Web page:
Mini PIC Dev Board using PIC18F452

For one reason or another I really like to use breadboards for building prototype designs. The breadboard offers superior flexibility in that you can change a single electrical connection at any time, as long as you have a long enough wire. One of the draw backs of the breadboard is that you tend to build the same circuits over and over again.
Since I like to use the PIC microcontroller in my projects I figured it would be nice to make a mini development board that could fit onto a breadboard and already had a power circuit and programming circuit connected. This way I won’t have to rebuild the same power + programming circuit every time I start a new project. This article describes my design process so that you can build one too!

Mini PIC Dev Board

Purpose & Overview of this project
The goal of this project is to build a development board for any of the PIC 18F 40 pin series so that it can be powered up, programmed and used while also connected to a bread board. Since I plan to use the development board connected to a breadboard the PCB layout needs to be as compact as possible.
I will design this board around the PIC 18F452 microcontroller, the LM7805 +5v regulator to provide power and a standard 6 pin header to connect any ICSP connector to the board and program the PIC. A standard power jack should be used so a normal “wall-wart” transformer can be used to power this dev board.

PIC 18F452
PICkit Programmer
LM7805 +5v Regulator
2x 10uF Capacitors
Vertical Header Pins
10kΩ Resistor
330Ω Resistor
Power Jack
2x Red LED
20 MHz Crystal
Breadboard Wire
9v Power Jack Connector
Battery Holder
PC Board
Ferric Chloride (Etchant)

Parts List Details
To make things more clear, I’ll describe the more important parts from the list above, in detail below. This way there’s no confusion about what it’s role in this project is.

PIC 18F452
The microcontroller that this PC board is designed for is the PIC 18F452, but realistically an 18F, 40 pin PIC can be used since the family shares a common power, ground and programming pinout.

PICKit Programmer
The 6 pin programming header will conform to the ICSP header standard so that we can use a PICKit2 or PICKit3 to program the PIC.

LM7805 +5v Regulator
Since the 18F452 is a +5v part, we will use a +5v regualtor, the famous LM7805. This part takes your input voltage, for example +9v and turns it into a +5v output.

Vertical Header Pins
The vertical header pins will be used to build the ICSP connection for programming the PIC. Also, a small 2 pin jumper will be available to connected the PGM pin, for low-voltage programming, even though I doubt I’ll ever use that option.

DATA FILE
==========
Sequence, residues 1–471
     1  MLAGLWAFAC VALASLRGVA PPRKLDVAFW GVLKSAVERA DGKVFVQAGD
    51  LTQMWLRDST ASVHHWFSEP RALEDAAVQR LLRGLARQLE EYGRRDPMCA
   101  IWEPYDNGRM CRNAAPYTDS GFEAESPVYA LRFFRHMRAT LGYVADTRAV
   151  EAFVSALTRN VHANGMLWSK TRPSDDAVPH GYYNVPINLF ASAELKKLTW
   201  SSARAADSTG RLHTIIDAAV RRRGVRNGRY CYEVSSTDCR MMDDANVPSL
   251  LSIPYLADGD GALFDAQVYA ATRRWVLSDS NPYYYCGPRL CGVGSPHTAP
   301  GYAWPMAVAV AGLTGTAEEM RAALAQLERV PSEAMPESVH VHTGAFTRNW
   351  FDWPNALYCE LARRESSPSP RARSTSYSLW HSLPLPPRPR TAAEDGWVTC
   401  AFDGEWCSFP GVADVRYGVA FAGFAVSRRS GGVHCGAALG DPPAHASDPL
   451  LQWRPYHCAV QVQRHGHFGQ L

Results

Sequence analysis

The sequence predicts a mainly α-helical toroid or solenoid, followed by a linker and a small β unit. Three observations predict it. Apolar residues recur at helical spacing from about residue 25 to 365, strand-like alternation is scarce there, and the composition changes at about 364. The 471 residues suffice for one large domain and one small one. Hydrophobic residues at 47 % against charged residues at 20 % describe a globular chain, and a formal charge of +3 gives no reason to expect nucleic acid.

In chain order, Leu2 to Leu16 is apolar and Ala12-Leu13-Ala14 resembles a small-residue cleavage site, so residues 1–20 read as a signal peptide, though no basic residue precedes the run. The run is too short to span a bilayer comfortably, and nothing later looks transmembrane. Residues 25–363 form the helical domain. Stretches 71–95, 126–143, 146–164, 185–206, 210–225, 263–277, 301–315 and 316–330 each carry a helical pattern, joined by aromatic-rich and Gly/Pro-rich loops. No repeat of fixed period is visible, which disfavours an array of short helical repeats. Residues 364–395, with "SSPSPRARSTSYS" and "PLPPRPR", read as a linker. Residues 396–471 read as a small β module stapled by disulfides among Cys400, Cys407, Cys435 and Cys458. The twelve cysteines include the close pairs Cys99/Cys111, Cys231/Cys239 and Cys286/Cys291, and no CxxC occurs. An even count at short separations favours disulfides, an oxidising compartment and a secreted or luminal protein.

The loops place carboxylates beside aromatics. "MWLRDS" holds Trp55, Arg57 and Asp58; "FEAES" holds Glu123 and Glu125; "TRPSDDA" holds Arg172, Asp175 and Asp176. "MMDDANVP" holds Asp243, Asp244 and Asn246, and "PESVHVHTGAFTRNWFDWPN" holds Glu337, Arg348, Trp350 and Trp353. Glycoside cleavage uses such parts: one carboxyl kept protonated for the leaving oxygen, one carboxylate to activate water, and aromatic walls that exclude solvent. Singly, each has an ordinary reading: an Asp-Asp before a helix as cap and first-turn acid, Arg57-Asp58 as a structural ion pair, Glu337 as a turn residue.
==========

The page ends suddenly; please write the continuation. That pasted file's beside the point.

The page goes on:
Ferric Chloride
This is the etchant used to eat away the copper from the PC Board that we don’t want, leaving behind only our layout design to solder all the parts to.

Copper Clad PC Board
This is the type of PCB that we will use to build our circuit. Copper Clad is the most common and also the cheapest option for building an electric PC Board.

9v Power Jack Connector
Since I like using rechargeable batteries with my project, I’ll use a +9v to Power Jack connector to provide power. You could alternatively use a “wall-wart” transformer and the system will work the same.

Schematic Overview
The schematic for this project is kept to be as simple as possible. There are definitely ways you could add more parts to build a more redunant power and programming port, but that would increase the size of the PCB, we’re going for compact, yet functional here. The main parts in the schematic are the PIC 18F452, LM7805 and Power LED.

Mini PIC Dev Board schematic

Schematic Specifics

Power Regulator
The 7805 converts the input +9v down to a +5v output which powers the PIC. The PIC has two spots where it connects to power and ground, and there is a single 10kΩ resistor connected to the MCLR Pin1 of the pic that goes to power.

ICSP connection
ICSP is short for in-circuit serial programmer and this is the port used on almost every PIC microcontroller to load your program onto it. The PICKit3/PICKit2 have the same pinout as the connector seen above, the little dot on the PICKit3/PICKit2 tells you which connection is PIN1 or MCLR.


For more detail: Mini PIC Dev Board using PIC18F452

About The Author

Ibrar Ayyub

I am an experienced technical writer holding a Master's degree in computer science from BZU Multan, Pakistan University. With a background spanning various industries, particularly in home automation and engineering, I have honed my skills in crafting clear and concise content. Proficient in leveraging infographics and diagrams, I strive to simplify complex concepts for readers. My strength lies in thorough research and presenting information in a structured and logical format.

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